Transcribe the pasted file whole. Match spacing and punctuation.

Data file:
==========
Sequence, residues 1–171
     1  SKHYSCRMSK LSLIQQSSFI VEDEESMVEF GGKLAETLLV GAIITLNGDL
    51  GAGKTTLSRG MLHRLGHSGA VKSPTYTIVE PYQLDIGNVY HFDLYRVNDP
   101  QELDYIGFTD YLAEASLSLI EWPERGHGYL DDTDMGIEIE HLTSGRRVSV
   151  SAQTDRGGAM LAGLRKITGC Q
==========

Sequence, residues 1–171
     1  SKHYSCRMSK LSLIQQSSFI VEDEESMVEF GGKLAETLLV GAIITLNGDL
    51  GAGKTTLSRG MLHRLGHSGA VKSPTYTIVE PYQLDIGNVY HFDLYRVNDP
   101  QELDYIGFTD YLAEASLSLI EWPERGHGYL DDTDMGIEIE HLTSGRRVSV
   151  SAQTDRGGAM LAGLRKITGC Q